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From Henri Yandell <bay...@apache.org>
Subject Re: Aggregation of software
Date Tue, 02 Jun 2015 06:38:28 GMT
This is basically this JIRA:

    https://issues.apache.org/jira/browse/LEGAL-24

The sad thing is that there's much interest in this question. You can see
Sam leaning towards it. I'm more favourable on the subject than I was in
2008, and I was hardly against it then. Jukka was in favour.

Hen


On Mon, Jun 1, 2015 at 12:04 PM, Lawrence Rosen <lrosen@rosenlaw.com> wrote:

> FYI, I sent the following to the European Legal Network for its internal
> discussions according to the  Chatham House Rule
> <http://www.chathamhouse.org/about/chatham-house-rule>. I'm resending it
> within Apache under CC-BY 4.0.  Every list has its own rules, but as the
> copyright owner I set my own license. :-)  /Larry
>
>
>
> ************* COPY of a long email follows....
>
>
>
> Open source attorneys recognize the long fought battle about whether one
> FOSS program can "infect" another FOSS or proprietary program through
> linking. While the litigation details are still murky, this seems to be a
> main issue in the recent VMware-GPL case
> <http://www.zdnet.com/article/vmware-sued-for-failure-to-comply-with-linuxs-license/>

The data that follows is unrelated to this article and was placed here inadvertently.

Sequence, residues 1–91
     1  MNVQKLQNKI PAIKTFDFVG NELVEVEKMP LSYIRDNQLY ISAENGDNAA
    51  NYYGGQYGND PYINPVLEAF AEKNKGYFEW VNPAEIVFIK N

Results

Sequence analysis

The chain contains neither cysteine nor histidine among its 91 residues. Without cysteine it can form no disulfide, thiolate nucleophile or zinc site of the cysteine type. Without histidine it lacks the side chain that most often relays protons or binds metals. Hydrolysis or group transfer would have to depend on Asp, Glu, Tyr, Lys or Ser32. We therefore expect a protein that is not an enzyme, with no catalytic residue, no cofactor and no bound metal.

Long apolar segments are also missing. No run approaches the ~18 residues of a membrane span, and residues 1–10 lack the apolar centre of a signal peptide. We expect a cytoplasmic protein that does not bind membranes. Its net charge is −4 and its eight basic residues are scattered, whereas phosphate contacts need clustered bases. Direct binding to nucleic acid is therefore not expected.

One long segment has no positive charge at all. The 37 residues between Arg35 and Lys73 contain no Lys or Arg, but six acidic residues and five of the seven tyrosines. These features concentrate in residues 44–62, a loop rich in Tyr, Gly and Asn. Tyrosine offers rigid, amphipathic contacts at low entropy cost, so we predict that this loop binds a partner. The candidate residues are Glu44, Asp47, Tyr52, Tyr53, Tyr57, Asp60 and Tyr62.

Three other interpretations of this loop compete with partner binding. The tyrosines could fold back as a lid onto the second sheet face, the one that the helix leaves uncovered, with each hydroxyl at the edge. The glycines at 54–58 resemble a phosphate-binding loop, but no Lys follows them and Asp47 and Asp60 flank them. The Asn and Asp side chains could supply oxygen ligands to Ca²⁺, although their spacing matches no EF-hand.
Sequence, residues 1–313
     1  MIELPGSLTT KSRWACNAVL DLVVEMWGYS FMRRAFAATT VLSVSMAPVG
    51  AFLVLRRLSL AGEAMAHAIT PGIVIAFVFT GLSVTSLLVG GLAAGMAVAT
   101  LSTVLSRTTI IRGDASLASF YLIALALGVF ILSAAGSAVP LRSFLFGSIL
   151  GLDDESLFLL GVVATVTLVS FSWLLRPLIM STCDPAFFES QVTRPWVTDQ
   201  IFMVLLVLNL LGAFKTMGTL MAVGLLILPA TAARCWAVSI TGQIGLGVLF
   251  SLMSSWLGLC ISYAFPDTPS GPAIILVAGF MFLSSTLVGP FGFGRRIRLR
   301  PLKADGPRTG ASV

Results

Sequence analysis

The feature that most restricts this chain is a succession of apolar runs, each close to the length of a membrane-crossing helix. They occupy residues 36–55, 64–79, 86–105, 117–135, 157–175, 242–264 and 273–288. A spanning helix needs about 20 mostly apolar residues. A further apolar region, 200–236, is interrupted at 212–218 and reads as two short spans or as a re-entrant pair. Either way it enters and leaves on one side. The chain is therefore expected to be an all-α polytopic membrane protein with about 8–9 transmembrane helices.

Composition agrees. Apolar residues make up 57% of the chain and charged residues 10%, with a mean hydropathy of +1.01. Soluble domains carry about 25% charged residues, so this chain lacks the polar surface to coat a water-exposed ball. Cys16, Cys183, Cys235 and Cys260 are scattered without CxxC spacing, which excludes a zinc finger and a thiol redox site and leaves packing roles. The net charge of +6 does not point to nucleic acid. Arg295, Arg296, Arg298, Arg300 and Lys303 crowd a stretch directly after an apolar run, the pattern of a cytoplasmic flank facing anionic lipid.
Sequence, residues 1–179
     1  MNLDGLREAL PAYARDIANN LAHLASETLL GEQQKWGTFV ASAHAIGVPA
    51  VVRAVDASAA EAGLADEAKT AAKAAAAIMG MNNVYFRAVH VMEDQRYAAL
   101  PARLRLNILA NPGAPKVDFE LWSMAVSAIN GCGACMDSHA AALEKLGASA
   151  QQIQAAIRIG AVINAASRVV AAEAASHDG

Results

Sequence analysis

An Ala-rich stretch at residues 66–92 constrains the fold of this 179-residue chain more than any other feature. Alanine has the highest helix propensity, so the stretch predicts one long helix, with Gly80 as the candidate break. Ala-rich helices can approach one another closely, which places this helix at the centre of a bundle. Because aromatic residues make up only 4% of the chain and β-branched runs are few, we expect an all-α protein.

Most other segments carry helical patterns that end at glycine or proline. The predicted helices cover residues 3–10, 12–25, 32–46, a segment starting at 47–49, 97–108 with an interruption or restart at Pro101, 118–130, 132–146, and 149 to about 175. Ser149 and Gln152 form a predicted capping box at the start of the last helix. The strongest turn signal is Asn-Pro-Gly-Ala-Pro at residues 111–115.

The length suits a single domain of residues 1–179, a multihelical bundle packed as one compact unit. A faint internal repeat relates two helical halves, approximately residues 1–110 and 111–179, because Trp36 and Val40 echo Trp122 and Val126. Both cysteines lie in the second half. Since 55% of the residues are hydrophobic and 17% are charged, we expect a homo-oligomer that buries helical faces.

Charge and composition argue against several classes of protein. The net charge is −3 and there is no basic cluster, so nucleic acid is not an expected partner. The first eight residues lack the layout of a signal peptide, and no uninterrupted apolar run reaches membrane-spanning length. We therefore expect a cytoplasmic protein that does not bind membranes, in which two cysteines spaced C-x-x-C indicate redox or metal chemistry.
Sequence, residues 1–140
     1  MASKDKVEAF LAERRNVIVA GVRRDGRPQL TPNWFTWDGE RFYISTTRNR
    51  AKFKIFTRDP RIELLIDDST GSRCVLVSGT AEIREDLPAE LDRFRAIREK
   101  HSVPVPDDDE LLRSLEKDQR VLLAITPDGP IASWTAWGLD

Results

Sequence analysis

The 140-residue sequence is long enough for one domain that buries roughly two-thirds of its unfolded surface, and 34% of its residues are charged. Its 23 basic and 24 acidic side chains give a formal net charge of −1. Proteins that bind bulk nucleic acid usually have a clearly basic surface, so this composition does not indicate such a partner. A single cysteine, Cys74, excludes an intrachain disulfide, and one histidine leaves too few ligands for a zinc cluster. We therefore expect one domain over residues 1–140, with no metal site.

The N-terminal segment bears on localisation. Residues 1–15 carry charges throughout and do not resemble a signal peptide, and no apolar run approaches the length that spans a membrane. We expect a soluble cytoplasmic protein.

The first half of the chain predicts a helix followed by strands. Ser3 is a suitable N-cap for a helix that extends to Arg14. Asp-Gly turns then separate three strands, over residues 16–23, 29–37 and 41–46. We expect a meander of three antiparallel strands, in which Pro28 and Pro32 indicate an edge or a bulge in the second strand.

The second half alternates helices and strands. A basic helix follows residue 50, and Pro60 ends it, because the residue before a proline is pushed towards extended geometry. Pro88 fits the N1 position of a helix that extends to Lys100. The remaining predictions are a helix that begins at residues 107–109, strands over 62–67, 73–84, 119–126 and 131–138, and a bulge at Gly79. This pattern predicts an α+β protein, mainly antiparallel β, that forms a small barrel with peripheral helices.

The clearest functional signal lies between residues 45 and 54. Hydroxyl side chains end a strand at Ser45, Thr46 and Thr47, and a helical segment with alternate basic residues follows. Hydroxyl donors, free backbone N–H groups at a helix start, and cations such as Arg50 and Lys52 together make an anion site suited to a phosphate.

> in Germany. Someday a court will finally resolve whether one is required to
> change one's own copyright license merely because a GPL program links to
> one's code in some mechanical "API" way. (See also the *Oracle v. Google*
> case for that API copyright issue in the non-FOSS (?) context.)
>
>
>
> This is also directly related to the Open Source Definition
> <http://opensource.org/osd> ["1. Free Redistribution") which states:
>
> *The license shall not restrict any party from selling or giving away the
> software as a component of an aggregate software distribution containing
> programs from several different sources. The license shall not require a
> royalty or other fee for such sale.*
>
> I have always interpreted that provision as a blanket permission for
> "aggregating" FOSS software with any other software. Some companies are
> afraid, however, that they can infect their own software by aggregating it
> with GPL software.
>
>
>
> We will have to let a court finally decide that. Beliefs about copyright
> licenses are hard otherwise to quench and we're all tired of the infernal
> arguments by me and others about that within our community.
>
>
>